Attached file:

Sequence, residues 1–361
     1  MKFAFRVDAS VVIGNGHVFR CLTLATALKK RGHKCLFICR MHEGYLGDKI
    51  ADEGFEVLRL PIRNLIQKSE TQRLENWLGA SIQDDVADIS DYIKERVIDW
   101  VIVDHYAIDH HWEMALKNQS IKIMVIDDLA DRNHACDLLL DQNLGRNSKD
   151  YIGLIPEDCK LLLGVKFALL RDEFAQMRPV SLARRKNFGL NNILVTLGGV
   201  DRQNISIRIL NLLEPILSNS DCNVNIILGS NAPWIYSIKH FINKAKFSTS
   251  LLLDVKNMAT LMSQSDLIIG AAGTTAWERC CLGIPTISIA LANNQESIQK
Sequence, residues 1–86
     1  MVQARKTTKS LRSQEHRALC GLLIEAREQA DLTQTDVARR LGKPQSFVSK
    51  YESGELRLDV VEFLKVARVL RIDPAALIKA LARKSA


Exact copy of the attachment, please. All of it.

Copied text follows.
Sequence, residues 1–361
     1  MKFAFRVDAS VVIGNGHVFR CLTLATALKK RGHKCLFICR MHEGYLGDKI
    51  ADEGFEVLRL PIRNLIQKSE TQRLENWLGA SIQDDVADIS DYIKERVIDW
   101  VIVDHYAIDH HWEMALKNQS IKIMVIDDLA DRNHACDLLL DQNLGRNSKD
   151  YIGLIPEDCK LLLGVKFALL RDEFAQMRPV SLARRKNFGL NNILVTLGGV
   201  DRQNISIRIL NLLEPILSNS DCNVNIILGS NAPWIYSIKH FINKAKFSTS
   251  LLLDVKNMAT LMSQSDLIIG AAGTTAWERC CLGIPTISIA LANNQESIQK
Sequence, residues 1–86
     1  MVQARKTTKS LRSQEHRALC GLLIEAREQA DLTQTDVARR LGKPQSFVSK
    51  YESGELRLDV VEFLKVARVL RIDPAALIKA LARKSA